4. Plead Guilty: such plea shall be recorded as nearly as possible in the words used by the accused and court may proceed to convict accused on the plea. Aremu v C.O.P. 274 ACJA provided that the plea of guilty is unequivocal, unambiguous and not inconsistent with any statement earlier made by the accused. Also if offence requires expert evidence, such must still be proved before he can be convicted notwithstanding his plea of guilty. Ishola v The State. For capital offences, plea of not guilty should be entered notwithstanding that the accused pleaded guilty-274 ACJA Chukwu v The State. Moreover, accused can withdraw his plea of guilty before conviction-R v The Guest (All ER).
  5. Plead not guilty to offence charged but guilty to another (lesser) offence: court may EITHER (with the consent of the prosecution) convict him of this other offence (provided court has jurisdiction) OR disregard and proceed to try him on the main charge. Doing one precludes the court from doing the other. Odeh v FRN.
  6. Plead Not Guilty: in which case he is said to have put himself upon his trial. 273 ACJA
  7. Plead Not Guilty by reason of Insanity: 28 CC court shall examine whether the accused committed the offence. If no, he would be discharged immediately. If yes, court would inquire/determine if he was insane at the time of committing the offence. If yes; he’d be remanded in custody at governor’s pleasure. 276 ACJA Kayode Adams v D.P.P, Adamu v The State.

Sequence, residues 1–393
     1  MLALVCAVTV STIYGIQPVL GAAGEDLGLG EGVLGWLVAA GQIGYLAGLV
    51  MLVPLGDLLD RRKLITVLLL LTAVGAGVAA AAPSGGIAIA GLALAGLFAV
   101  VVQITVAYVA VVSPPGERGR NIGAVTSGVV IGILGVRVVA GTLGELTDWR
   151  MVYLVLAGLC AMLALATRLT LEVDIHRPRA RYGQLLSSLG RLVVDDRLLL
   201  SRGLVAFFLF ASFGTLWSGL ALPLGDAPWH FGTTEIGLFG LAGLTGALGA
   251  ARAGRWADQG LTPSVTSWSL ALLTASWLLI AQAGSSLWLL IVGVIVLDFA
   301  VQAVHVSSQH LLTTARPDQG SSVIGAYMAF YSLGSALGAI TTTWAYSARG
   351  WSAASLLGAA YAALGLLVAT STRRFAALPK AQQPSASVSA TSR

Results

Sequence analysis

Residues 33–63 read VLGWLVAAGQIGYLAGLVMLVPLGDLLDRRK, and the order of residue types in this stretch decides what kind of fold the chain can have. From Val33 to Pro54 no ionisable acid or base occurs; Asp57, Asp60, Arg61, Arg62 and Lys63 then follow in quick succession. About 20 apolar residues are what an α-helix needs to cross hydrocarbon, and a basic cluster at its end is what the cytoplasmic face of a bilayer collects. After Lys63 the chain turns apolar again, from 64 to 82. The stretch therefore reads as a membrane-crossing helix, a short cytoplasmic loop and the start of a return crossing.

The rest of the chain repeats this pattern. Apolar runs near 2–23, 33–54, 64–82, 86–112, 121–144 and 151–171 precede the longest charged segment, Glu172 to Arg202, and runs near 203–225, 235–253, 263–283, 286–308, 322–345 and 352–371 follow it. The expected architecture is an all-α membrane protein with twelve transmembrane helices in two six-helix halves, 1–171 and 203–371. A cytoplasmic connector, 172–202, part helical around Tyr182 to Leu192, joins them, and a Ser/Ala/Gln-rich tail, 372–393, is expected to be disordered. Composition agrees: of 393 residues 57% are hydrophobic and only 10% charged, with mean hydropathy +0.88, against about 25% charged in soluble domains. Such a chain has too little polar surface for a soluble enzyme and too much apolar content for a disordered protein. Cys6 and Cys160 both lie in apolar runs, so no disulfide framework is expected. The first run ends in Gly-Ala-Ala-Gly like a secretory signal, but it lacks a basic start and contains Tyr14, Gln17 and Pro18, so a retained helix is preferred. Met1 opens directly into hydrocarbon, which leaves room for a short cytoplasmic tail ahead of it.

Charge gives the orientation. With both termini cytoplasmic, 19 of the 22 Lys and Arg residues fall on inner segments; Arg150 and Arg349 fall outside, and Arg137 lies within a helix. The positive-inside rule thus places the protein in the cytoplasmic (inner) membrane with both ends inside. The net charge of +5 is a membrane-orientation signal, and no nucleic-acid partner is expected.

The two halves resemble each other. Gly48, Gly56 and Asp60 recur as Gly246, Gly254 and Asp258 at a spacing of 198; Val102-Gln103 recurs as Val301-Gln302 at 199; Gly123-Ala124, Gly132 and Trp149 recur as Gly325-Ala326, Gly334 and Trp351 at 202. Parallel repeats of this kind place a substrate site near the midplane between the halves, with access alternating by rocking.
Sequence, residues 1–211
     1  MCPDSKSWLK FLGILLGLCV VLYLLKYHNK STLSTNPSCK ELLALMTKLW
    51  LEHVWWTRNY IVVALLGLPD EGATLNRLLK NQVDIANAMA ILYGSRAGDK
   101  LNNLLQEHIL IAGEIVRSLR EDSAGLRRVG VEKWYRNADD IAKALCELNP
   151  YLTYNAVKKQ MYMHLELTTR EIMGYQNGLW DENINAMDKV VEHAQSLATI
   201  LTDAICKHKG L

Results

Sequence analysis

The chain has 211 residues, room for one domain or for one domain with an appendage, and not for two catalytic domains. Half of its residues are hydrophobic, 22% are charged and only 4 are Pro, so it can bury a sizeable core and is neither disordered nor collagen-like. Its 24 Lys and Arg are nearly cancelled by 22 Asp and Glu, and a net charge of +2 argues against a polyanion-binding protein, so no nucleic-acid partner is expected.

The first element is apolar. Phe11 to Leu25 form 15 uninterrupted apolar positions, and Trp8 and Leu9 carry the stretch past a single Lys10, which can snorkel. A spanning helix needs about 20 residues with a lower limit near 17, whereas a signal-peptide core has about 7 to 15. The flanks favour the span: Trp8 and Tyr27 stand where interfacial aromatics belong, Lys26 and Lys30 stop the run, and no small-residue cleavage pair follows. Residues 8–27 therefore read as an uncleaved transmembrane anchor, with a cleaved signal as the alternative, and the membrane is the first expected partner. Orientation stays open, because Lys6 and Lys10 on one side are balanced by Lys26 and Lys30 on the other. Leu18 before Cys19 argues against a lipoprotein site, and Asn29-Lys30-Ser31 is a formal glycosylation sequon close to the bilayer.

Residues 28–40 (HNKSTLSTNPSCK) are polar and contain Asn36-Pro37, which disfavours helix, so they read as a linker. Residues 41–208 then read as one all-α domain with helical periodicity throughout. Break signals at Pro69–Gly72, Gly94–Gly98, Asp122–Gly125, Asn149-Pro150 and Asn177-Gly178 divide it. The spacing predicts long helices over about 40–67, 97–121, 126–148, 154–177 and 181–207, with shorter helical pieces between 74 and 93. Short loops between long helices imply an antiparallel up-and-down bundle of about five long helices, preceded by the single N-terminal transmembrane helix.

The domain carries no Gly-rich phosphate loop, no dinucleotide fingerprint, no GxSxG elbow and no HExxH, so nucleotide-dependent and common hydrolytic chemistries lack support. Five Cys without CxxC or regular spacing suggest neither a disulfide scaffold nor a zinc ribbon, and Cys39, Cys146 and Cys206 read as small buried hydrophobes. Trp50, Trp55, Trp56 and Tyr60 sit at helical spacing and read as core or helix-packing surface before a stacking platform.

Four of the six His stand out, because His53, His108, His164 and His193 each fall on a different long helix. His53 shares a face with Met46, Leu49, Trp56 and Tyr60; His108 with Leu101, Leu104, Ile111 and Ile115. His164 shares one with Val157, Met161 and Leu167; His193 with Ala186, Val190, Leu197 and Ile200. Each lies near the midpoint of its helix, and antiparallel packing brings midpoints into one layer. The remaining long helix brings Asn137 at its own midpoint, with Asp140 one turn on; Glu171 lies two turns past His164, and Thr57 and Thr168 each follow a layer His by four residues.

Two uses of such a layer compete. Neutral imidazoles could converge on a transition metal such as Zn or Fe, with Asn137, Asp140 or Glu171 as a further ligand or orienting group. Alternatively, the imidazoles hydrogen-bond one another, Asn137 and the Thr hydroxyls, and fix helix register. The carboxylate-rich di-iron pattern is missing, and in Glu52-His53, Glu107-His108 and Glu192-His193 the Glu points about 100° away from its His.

8. Plead Autre Fois Acquit or Autre Fois Convict: meaning that he has been earlier tried by a competent court (foreign or local) over criminal offence/charge with same ingredients as the present one and has been acquitted or convicted respectively. Section 36(9) CFRN. If proved, accused shall be discharged if not proved, he would be asked to enter his plea and court would proceed with trial. See generally R v Jinadu.

 

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[1] He is to proceed to the dock… unfettered-210 and 211 ACJL, 271(2)(a) ACJA. Section 34 and 36 of the 1999 Constitution. He may however be fettered (handcuffed) where there is apprehension of violence or escape OR for his protection OR upon the order of the court/Judge/Magistrate. See Section 5, 8 and 271(2)(a) ACJA Turri v National Park Service of Nigeria.

[2] The judge should record that he is satisfied that the accused understood the charge which was read over and explained to him before he was invited to take his plea. Failure may not nullify proceedings-215 CPA.

Isochukwu

Quite eccentric really